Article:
When I read Justice Sotomayor’s powerful Schuette dissent, I found myself thinking about Quidditch, that favorite game of constitutional scholars and other wizards.
As Justice Sotomayor recounted, Schuette arose from political disagreement in Michigan as to the appropriateness of race-based affirmative action in higher education. To simplify the back-story, several years ago Michigan universities had more or less decided that affirmative action was a good idea and began to implement it. At that point, opponents of affirmative action could have engaged in political action to change university policy, such as by lobbying board members. Instead, Michigan voters adopted a referendum that prohibited state universities from making admissions decisions based on race, including race-based affirmative action. To trump the referendum, proponents of affirmative action would have to engage in their own state-wide political movement. For that reason — and with ample support in case law — Justice Sotomayor viewed the referendum as a procedural faux pas. As the Justice put it: “Michigan voters changed the rules in the middle of the game.”
That’s what made me think about Quidditch. If you’ve stuck with me this long, you probably know how the magical game is played, but in case you don’t, here’s the basic idea. Wizards and witches fly around on broomsticks essentially playing soccer. Meanwhile, there is a highly maneuverable, fast-flying object (the “golden snitch”) also fluttering around. For reasons that only JK Rowling knows, if you catch the golden snitch, then your team typically wins — right then and there. Obviously, the existence of the golden snitch has nothing to do with creating an easy plot device for a certain owl-eyed protagonist to turnaround losing matches and thereby instantly become Quidditch MVP. But I digress. The point for now is this: there is nothing inherently objectionable about having two parallel sets of rules: one that is just incrementally scoring points toward an ultimate total, and the other that trumps all the normal points and thereby brings instant victory. Boxing, for instance, is similar: you can win slowly on points, or you can score a knockout.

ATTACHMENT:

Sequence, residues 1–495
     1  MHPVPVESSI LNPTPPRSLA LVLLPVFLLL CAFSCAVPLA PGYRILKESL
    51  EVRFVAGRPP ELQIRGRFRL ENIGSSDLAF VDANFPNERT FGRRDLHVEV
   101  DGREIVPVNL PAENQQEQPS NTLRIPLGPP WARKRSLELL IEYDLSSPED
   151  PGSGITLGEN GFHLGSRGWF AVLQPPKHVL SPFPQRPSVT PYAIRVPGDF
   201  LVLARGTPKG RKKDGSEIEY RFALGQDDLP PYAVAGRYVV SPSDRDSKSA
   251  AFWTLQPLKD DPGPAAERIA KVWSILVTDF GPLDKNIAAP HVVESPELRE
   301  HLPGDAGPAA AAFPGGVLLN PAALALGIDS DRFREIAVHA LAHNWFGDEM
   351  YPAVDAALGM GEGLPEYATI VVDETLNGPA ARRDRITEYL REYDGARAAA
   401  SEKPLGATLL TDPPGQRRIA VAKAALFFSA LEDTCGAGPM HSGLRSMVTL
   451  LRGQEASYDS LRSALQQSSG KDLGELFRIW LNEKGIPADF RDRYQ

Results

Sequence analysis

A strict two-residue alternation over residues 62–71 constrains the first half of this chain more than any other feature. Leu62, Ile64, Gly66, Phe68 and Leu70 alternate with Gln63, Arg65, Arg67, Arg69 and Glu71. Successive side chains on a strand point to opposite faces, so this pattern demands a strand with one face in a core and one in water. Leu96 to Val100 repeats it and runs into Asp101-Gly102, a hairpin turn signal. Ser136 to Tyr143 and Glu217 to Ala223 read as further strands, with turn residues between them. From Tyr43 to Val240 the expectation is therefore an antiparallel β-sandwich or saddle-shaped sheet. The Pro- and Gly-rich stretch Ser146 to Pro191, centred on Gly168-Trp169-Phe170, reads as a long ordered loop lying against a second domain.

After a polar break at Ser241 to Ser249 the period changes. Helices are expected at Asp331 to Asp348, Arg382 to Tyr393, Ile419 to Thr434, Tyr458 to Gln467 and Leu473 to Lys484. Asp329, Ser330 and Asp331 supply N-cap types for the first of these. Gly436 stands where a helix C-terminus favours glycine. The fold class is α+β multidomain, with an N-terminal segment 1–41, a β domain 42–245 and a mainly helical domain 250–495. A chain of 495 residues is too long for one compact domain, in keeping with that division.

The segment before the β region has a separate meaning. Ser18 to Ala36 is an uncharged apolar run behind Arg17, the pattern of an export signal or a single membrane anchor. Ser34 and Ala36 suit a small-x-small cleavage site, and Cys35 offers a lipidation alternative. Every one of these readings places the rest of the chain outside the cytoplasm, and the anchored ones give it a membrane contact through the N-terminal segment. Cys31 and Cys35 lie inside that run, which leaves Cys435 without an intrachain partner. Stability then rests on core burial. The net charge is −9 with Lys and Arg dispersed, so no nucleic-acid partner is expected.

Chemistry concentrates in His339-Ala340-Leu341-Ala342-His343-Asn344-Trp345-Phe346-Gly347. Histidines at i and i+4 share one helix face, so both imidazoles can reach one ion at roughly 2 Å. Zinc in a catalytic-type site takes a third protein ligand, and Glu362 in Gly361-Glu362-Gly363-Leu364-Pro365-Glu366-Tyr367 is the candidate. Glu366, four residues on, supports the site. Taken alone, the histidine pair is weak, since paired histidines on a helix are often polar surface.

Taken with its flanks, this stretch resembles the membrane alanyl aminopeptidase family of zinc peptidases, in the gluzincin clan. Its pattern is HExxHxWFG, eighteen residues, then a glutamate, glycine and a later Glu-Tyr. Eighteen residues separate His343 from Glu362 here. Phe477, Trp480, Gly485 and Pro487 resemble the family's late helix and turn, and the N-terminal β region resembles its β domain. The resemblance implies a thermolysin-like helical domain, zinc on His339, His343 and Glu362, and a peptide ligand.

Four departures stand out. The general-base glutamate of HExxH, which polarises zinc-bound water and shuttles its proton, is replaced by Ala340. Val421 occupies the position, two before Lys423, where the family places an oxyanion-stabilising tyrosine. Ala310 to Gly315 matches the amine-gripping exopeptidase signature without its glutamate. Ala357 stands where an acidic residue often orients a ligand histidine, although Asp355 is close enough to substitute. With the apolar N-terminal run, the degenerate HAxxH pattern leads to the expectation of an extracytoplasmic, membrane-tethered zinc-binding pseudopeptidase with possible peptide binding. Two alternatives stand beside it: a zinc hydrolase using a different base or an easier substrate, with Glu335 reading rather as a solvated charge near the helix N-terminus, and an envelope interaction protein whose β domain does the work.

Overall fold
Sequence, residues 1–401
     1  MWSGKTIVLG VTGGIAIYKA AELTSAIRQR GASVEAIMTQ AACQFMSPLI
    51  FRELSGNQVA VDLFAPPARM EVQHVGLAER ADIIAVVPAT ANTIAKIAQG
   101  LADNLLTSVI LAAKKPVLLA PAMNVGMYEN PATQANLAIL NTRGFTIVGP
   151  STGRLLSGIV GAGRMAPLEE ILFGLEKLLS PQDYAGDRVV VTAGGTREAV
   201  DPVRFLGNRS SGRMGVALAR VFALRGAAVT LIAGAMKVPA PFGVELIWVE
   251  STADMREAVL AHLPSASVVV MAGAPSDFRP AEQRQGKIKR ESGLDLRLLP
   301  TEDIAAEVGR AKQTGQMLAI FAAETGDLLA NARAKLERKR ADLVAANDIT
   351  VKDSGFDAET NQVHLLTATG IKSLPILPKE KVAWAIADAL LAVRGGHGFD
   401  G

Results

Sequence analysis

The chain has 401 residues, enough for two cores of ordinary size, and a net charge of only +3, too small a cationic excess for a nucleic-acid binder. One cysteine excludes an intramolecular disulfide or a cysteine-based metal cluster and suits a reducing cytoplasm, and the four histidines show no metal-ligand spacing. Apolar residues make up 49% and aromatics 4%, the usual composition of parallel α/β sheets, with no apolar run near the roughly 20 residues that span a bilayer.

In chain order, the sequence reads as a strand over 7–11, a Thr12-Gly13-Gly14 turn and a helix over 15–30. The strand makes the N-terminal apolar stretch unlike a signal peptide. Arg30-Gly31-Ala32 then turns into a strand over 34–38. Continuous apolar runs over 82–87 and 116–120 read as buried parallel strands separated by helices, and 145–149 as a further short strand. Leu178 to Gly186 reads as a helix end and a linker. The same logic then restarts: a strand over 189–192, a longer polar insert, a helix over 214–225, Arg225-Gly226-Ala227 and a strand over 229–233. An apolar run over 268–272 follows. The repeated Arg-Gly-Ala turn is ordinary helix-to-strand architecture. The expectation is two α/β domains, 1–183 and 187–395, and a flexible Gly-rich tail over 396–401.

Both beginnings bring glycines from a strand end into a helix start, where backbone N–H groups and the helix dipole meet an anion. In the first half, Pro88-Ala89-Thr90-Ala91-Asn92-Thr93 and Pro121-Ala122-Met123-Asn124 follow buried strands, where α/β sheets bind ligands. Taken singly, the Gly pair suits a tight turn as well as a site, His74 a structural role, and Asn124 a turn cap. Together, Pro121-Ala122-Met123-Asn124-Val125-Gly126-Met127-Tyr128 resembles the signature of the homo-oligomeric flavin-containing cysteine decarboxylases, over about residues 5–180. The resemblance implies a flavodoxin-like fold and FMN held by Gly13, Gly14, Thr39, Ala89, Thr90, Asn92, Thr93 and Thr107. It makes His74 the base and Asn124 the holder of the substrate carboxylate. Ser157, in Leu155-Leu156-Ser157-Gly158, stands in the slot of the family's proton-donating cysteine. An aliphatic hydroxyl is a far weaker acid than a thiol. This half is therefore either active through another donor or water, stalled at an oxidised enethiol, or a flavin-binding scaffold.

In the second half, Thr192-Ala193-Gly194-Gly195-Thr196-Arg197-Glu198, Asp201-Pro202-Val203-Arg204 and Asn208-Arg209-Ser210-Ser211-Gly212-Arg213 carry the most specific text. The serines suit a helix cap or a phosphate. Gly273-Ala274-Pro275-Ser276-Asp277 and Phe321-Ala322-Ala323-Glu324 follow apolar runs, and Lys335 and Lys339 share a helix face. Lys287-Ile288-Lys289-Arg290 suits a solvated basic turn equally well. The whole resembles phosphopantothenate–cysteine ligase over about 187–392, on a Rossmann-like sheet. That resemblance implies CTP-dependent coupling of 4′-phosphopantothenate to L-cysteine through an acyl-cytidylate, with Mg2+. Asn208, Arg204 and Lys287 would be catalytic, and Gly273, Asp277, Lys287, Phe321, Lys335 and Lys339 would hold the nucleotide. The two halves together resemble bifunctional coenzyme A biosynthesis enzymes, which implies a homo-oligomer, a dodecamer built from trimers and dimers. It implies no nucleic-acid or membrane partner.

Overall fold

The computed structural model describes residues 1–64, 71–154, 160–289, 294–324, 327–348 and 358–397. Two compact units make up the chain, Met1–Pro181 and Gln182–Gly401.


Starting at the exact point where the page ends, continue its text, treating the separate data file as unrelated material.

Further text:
To me, the Michigan referendum — whatever its merits or demerits generally — does not seem like a mid-game rule change. Rather, it seems to be a product of the fact that state politics is a multi-level game, like Quidditch. You can “win” slowly, one university or board representative at a time; or you can “win” all at once, through something like a referendum. Of course, when a boxer scores a knockout or Harry miraculously catches the golden snitch, folks on the losing side are obviously going to be disappointed and frustrated — and they may well demand a rematch. But they also lost, fair and square.
UPDATE: Over at the Volokh Conspiracy, Will Baude has given Re’s Judicata a very nice launch. Will’s post also elicited some comments that complicate the “basic” depiction of quidditch that I provided above. In particular, the commentators point out that while catching the “golden snitch” instantly ends the game and confers a large number of points on the catching team, the catching team can still lose if it chooses to catch the snitch at a moment when it is sufficiently far behind on points. In this respect, Quidditch is an imperfect illustration of the point I wanted to make, as compared with, for example, boxing. To reflect this point I have edited the post above to indicate that the catching team typically wins instantly at the time of the catch.